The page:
The 2010 Hyundai Sonata is a midsize sedan available in GLS, SE and Limited trim levels. Standard equipment on the GLS includes 16-inch steel wheels, keyless entry, air-conditioning, cruise control, full power accessories, heated sideview mirrors, a tilt steering column, a leather-wrapped steering wheel and shift knob (V6 only), a 60/40-split rear seatback and a six-speaker stereo with CD/MP3 player, satellite radio and auxiliary audio and USB jacks. Optional features on the base GLS include an eight-way power driver seat, steering-wheel-mounted audio controls, Bluetooth, a sunroof, a trip computer and wood-grain interior accents.

The SE starts with the GLS's standard features and adds 17-inch alloy wheels with performance tires, automatic headlamps, a rear spoiler, a sport-tuned suspension, a tilt-telescoping steering wheel with steering-wheel-mounted audio controls, metallic interior accents, leather/cloth upholstery and an eight-way power driver seat. Optional SE features include an auto-dimming rearview mirror, Bluetooth, a sunroof and a 240-watt Infinity sound system with a six-CD changer.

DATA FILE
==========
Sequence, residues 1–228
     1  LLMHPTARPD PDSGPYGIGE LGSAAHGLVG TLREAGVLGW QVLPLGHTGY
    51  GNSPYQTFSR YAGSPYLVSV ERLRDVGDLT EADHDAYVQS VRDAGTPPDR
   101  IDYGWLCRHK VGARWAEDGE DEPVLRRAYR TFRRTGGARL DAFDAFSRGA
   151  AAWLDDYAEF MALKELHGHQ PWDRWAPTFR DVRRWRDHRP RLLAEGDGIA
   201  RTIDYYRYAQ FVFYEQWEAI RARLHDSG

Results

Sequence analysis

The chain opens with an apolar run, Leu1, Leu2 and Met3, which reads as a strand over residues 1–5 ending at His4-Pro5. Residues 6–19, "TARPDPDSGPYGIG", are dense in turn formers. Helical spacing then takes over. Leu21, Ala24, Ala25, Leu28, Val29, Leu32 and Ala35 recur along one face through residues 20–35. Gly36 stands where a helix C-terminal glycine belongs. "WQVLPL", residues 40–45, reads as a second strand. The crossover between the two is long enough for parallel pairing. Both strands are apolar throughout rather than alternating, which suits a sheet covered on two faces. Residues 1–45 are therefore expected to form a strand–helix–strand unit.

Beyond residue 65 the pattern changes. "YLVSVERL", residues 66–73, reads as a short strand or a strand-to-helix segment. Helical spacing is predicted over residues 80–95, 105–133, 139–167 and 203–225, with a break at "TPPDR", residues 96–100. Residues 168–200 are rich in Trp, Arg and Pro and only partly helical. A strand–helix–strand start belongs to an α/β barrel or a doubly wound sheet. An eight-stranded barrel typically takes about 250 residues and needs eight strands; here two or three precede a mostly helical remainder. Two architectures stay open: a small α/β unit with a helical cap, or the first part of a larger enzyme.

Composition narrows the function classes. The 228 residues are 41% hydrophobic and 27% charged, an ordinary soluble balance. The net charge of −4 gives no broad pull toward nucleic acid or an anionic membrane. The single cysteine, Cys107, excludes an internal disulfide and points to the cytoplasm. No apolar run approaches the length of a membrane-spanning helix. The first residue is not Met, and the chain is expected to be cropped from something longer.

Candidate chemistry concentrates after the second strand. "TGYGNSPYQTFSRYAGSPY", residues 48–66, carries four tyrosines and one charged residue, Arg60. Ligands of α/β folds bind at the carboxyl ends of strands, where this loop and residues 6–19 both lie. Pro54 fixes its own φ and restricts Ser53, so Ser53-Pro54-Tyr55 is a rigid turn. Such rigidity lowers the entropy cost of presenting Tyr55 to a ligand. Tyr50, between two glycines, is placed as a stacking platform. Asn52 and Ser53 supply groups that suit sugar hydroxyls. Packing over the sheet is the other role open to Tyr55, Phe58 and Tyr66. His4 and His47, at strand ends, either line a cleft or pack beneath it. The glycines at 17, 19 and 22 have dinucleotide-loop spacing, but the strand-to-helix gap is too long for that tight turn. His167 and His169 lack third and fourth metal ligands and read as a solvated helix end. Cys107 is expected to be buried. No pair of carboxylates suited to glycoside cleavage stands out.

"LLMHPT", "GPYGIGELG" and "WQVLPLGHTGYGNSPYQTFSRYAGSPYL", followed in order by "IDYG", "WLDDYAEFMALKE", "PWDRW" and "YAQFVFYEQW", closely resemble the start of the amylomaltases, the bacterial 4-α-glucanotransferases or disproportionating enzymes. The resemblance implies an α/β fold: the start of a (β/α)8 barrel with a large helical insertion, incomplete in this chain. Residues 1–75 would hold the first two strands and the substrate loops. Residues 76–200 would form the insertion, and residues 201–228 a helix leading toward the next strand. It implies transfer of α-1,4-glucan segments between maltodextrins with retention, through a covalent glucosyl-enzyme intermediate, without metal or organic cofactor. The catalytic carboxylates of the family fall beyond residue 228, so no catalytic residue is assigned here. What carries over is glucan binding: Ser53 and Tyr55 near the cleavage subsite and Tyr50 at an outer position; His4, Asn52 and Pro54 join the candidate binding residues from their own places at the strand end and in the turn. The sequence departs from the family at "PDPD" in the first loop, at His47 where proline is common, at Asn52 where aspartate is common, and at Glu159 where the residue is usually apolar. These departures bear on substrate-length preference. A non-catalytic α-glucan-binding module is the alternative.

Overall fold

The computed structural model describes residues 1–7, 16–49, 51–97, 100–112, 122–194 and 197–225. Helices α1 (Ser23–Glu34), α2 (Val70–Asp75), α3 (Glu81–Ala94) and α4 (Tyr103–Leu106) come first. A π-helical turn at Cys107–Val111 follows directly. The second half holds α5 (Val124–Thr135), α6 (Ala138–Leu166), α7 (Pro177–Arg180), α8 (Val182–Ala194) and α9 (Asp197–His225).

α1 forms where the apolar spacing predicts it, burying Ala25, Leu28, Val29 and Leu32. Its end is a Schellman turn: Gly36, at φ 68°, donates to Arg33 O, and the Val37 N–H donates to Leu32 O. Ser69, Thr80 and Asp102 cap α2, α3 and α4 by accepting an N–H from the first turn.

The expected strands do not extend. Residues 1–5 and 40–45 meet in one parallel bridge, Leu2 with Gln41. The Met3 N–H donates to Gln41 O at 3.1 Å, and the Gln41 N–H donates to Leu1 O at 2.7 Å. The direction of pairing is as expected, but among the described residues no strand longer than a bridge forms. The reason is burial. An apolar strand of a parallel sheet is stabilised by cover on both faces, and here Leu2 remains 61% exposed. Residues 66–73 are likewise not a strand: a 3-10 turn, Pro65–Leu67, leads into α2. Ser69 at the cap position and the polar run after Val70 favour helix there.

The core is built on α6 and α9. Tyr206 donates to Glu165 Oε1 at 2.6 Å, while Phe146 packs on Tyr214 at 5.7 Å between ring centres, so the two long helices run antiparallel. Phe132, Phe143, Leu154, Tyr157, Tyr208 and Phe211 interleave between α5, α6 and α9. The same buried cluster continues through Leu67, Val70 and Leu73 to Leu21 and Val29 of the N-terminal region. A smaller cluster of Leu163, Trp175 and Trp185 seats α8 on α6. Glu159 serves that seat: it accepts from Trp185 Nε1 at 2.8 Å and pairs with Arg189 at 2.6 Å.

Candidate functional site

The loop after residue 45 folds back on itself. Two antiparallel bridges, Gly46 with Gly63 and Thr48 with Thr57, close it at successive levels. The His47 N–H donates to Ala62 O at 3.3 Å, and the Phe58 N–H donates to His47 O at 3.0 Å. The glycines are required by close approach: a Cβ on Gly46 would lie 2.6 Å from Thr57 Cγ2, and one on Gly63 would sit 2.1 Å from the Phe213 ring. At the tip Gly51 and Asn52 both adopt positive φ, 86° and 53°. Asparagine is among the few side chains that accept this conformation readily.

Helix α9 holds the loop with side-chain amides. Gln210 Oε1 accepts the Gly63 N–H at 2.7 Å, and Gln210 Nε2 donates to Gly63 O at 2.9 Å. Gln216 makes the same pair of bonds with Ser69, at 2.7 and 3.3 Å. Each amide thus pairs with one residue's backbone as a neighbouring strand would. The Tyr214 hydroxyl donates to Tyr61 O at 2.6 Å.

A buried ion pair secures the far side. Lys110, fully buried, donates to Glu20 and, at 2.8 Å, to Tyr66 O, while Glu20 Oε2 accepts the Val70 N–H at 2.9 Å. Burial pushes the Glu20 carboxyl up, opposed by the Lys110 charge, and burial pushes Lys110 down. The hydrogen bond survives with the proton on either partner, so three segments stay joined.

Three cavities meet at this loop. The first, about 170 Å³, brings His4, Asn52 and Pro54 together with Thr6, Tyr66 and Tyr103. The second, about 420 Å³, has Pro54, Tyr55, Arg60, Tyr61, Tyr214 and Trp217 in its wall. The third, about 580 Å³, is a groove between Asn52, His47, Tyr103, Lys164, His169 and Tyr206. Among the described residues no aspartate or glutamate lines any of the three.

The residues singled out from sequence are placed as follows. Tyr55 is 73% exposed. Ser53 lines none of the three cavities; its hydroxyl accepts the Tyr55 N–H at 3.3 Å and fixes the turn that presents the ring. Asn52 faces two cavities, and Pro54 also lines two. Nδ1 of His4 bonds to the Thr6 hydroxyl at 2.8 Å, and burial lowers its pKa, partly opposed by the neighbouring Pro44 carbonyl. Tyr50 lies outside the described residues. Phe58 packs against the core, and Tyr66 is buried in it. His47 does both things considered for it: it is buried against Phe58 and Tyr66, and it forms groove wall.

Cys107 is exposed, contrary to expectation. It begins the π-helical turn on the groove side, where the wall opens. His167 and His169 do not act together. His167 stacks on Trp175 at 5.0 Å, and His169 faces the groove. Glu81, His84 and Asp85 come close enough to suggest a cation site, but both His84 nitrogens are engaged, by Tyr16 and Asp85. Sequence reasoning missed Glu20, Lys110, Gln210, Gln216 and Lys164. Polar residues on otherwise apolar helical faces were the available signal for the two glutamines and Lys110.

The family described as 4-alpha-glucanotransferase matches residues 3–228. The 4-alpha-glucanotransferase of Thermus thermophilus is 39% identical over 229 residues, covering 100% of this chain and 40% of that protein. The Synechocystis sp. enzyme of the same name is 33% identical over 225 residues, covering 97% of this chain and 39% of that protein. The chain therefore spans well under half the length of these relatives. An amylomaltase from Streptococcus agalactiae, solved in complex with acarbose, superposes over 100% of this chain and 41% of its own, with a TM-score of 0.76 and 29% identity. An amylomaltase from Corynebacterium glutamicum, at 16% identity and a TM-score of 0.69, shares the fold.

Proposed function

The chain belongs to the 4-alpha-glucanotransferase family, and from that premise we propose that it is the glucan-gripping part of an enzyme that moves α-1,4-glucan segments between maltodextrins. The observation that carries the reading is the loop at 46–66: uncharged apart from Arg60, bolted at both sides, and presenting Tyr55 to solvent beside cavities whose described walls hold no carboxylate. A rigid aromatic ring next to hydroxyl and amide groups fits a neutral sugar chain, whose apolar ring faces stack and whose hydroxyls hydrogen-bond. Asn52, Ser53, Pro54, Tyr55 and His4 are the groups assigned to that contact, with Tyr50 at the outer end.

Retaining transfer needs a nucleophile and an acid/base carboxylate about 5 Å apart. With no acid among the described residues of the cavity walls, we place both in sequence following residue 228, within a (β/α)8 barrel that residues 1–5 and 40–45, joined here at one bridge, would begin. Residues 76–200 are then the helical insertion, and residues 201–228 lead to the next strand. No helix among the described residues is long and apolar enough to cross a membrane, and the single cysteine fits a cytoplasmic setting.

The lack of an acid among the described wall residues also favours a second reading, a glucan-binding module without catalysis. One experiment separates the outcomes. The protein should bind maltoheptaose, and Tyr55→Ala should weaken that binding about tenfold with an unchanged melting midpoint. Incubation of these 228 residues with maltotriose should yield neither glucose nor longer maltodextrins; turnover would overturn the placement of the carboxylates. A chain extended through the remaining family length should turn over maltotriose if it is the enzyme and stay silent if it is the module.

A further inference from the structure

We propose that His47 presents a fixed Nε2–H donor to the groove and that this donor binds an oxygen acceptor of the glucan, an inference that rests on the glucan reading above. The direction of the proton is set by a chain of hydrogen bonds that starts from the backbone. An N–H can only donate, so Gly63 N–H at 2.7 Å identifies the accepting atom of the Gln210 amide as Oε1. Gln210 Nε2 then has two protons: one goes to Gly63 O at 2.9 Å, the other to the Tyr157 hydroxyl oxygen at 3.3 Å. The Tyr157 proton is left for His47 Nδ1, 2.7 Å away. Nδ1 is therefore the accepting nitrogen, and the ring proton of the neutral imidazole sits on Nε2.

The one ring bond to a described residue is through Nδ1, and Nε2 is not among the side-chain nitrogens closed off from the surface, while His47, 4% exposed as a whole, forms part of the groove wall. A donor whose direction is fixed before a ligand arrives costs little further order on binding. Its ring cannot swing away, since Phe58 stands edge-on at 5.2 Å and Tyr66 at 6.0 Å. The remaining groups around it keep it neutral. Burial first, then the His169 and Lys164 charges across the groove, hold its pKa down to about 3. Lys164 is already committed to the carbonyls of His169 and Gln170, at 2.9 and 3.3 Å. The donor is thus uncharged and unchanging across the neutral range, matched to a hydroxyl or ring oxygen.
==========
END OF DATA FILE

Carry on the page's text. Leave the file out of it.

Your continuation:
The Sonata Limited has the SE's standard creature comforts plus 17-inch alloy wheels with all-season tires, chrome exterior trim, a sunroof, an auto-dimming rearview mirror, full leather upholstery, heated front seats, wood-grain interior accents, dual-zone automatic climate control and the Infinity sound system. A navigation system (which replaces the six-CD changer with a single-CD player) and Bluetooth are optional on the Limited.

Performance & mpg

The standard engine on all Hyundai Sonata trim levels is a 2.4-liter four-cylinder good for 175 horsepower and 168 pound-feet of torque. There is also a version of this engine that meets Partial Zero Emission Vehicle (PZEV) standards; it's rated at 168 hp and 163 lb-ft. A five-speed manual transmission is standard on the GLS, while a five-speed automatic is standard on the SE and Limited and optional on the GLS. Available on Sonata SE and Limited models is a 3.3-liter V6 producing 249 hp and 229 lb-ft of torque. A five-speed automatic is the only transmission available with this engine.

The Sonata's fuel economy is slightly above average for a family sedan, with the four-cylinder returning 22 mpg city/32 mpg highway and 25 mpg combined (21 mpg city with the manual), while the V6 yields 19 mpg city/29 mpg highway and 22 mpg combined.